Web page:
'Never eaten a bad meal': Dubai residents on why they dine out several times a week

New Gastronomy Industry Report indicates that eating out had increased by 61% as compared to 2022


Nasreen Abdulla

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Image used for illustrative purpose. Photo: File
Image used for illustrative purpose. Photo: File

Published: Thu 25 Jan 2024, 7:32 PM

Last updated: Thu 25 Jan 2024, 10:57 PM

British expat Coral Stevens moved to the UAE in 2018. Since then, she has been regularly eating out. “I eat out around four times per week and I absolutely love the high quality food and service you’ll find in the UAE,” she said. “I can honestly say after living here for six years, I’ve never eaten a bad meal.”

Coral is among the vast majority of Dubai residents who eat out at regularly, according to the new Gastronomy Industry Report, released by the Dubai Department of Economy and Tourism (DET). It indicates that eating out had increased by 61% as compared to the report’s findings in 2022.

As a single woman, Coral often finds is more economical to eat out than cook at home. “It’s actually often cheaper to eat out or order delivery dinner for one than it is to go to the supermarket and buy all the ingredients,” she said. “Food shopping can be quite expensive in the UAE due to many items having to be imported and that’s what makes eating out a cheaper option.”

Coral Stevens. Photo: Supplied
Coral Stevens. Photo: Supplied

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The increase in eating out has also created a social media revolution. Between content creators and food groups, there are several discussions revolving around eating out, on various platforms. Amber Elizabeth is one of the admin members of the Facebook group Best Bites Dubai and according to her, there is a flurry of activity every day.

Amber Elizabeth. Photo: Supplied
Amber Elizabeth. Photo: Supplied

“We get an average of 18 posts every day,” she said. “Eating out has become so huge in Dubai because of the quality and variety of restaurants. There is now something to suit everyone.”

Best time to eat out

Chang Sup Shin, the CEO of Asian speciality store 1004, said: “There has never been a better time to dine out in Dubai with the influx of great concepts lead by amazing talented chefs.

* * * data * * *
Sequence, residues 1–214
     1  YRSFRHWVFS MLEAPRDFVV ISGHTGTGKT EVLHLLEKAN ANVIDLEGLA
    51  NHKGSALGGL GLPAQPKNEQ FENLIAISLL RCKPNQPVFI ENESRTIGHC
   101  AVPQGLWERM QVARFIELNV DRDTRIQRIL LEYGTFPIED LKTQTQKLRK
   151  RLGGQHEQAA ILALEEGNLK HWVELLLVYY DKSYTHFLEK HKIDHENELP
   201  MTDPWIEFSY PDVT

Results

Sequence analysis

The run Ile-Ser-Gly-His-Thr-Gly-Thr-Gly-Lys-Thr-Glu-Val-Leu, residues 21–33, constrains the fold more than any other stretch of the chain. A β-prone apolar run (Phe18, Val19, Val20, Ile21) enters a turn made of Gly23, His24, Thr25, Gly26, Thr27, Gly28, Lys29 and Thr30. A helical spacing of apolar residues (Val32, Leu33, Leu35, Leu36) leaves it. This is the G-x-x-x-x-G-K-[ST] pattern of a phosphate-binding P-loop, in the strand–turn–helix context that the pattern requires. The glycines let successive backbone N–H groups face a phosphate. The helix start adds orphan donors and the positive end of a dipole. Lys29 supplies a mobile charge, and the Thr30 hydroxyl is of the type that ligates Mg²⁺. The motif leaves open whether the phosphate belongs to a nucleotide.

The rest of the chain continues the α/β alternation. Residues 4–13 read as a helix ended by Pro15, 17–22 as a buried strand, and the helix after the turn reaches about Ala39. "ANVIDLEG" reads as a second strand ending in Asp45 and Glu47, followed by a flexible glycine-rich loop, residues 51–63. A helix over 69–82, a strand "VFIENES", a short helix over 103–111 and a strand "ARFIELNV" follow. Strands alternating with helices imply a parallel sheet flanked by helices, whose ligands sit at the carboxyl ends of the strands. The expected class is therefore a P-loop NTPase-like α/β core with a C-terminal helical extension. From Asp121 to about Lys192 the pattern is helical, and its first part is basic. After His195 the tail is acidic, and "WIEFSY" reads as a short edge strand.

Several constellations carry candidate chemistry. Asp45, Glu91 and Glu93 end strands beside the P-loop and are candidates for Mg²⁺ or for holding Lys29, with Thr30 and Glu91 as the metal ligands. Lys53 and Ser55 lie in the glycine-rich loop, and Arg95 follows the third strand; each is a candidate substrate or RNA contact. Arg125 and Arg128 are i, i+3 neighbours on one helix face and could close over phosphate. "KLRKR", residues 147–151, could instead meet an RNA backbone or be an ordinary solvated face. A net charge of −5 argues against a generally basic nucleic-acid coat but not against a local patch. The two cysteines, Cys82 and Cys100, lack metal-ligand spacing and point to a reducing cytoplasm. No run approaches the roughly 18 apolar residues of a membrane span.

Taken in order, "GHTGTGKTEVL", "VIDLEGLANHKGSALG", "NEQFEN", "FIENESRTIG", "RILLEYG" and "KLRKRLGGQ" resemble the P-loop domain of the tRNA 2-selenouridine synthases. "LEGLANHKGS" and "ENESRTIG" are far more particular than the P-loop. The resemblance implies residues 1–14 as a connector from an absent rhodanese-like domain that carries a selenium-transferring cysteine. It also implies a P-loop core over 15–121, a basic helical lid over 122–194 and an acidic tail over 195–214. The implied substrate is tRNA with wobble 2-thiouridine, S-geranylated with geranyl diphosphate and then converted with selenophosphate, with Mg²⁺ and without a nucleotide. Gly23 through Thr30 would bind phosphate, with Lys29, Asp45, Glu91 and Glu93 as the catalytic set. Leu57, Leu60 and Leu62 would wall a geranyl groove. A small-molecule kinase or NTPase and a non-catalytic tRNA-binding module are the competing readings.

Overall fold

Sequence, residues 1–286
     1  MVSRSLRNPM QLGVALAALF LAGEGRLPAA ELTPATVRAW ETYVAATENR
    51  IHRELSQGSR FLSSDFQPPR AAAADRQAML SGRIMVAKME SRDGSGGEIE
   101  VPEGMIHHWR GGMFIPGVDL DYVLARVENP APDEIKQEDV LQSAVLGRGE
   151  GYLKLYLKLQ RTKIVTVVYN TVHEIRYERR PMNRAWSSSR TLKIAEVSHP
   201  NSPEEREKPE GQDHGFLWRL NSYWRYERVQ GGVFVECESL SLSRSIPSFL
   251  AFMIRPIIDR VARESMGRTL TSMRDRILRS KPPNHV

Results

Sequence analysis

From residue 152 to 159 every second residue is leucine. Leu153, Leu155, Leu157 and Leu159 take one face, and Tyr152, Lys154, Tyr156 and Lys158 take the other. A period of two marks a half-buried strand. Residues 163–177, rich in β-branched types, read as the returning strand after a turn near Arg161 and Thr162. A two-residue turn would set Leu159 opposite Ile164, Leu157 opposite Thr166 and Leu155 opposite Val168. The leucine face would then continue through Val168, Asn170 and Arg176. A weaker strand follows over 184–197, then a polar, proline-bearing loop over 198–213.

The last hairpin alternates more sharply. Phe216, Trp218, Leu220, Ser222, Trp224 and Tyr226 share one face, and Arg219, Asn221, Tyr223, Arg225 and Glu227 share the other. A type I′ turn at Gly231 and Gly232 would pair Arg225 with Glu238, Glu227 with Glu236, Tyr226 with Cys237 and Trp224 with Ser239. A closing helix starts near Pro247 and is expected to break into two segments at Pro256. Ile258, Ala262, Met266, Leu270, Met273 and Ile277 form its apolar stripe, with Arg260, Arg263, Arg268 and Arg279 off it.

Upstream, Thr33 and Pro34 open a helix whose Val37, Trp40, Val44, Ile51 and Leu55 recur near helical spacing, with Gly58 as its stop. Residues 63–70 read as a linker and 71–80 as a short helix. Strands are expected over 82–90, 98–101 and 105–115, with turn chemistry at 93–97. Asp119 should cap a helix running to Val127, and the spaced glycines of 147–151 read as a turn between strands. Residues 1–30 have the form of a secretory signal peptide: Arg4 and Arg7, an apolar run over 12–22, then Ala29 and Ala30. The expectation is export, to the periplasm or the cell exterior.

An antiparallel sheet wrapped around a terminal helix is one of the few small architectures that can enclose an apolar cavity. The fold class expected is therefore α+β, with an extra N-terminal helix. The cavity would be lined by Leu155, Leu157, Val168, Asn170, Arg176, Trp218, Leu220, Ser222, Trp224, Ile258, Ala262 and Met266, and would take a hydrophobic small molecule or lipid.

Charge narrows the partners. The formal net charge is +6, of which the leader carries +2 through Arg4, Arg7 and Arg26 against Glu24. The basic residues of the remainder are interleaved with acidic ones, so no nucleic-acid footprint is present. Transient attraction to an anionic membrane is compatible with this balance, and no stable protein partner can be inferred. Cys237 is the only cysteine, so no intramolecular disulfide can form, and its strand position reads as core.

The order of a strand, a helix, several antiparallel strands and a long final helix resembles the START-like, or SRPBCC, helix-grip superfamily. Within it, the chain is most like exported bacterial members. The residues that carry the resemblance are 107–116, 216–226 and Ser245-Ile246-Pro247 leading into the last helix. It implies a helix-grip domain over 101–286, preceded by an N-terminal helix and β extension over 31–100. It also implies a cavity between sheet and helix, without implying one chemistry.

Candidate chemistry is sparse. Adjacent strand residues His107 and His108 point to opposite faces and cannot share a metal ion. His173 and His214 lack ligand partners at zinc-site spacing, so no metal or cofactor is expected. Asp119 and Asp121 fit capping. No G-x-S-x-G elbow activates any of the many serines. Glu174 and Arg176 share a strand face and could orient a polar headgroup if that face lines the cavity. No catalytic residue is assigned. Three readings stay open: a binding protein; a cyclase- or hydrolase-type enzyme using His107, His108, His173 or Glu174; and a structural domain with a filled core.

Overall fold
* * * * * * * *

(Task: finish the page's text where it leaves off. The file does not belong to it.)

“I think one of the main reasons of the rise in people eating out is the number of tourists coming into the city as well as new residents from other countries that have immigrated to Dubai.”

Chang Sup Shin. Photo: Supplied
Chang Sup Shin. Photo: Supplied

Dubai was named one of the world's top 10 cities for foodies in 2023 and according to the report, there has also been a substantial increase in the proportion of international visitors satisfied with Dubai's value for money when dining out, up from 54 per cent in 2022 to 66 per cent in 2023.

Chang’s views were echoed by Bhupender Nath, founder of Passion F&B- the company behind Michelin star winning restaurants Tresind Studio and Avatara. He said he has witnessed such a significant surge in customer traffic across his restaurants that he had to relocate two of his brands to larger venues to accommodate more guests.

Bhupender Nath. Photo: Supplied
Bhupender Nath. Photo: Supplied

He attributed this increase to several factors. “Firstly, the demanding work schedules often leave little time and energy to make meals at home and therefore dining out becomes a convenient solution,” he said. “Moreover, eating out is not just about satisfying hunger; it provides a valuable opportunity for leisure and socialisation. Also, exposure to diverse culinary experiences has sparked a curiosity. The variety offered by restaurants contributes significantly to the growing trend of people opting to dine out more frequently.”

Rare to regular

For Dubai residents Naveen and his wife Dr. Jency, the eating out culture is something new. The duo grew up in the UAE but only ate out once or twice a month. “All my memories surrounding food were fresh, home-cooked meals made by my mother,” said Naveen. “Once in a while we would buy shawarma or some paratha and curry from the nearby cafeteria but that was it.”

Naveen and his wife Dr. Jency. Photo: Supplied
Naveen and his wife Dr. Jency. Photo: Supplied

For Dr. Jency, her upbringing in Umm Al Quwain was not very different. “Once a month, we would order fast food,” she recalled. “And that day was like a huge celebration because it was such a treat those days.” Today, the couple either eat out or order in regularly. “The eating out culture has changed so much now,” said Naveen. “We both work long and irregular hours and it is often not possible for us to cook so we end up getting food from outside. Restaurants have become so much more accessible with online ordering and fast deliveries and the food safety standards here are so top notch that you don’t have to really worry about anything.”


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